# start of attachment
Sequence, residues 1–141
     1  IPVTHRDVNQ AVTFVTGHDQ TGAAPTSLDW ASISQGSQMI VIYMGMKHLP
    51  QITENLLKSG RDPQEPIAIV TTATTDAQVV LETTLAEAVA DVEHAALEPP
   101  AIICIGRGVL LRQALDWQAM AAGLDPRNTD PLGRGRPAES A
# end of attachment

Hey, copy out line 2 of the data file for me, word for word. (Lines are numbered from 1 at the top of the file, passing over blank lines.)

     1  IPVTHRDVNQ AVTFVTGHDQ TGAAPTSLDW ASISQGSQMI VIYMGMKHLP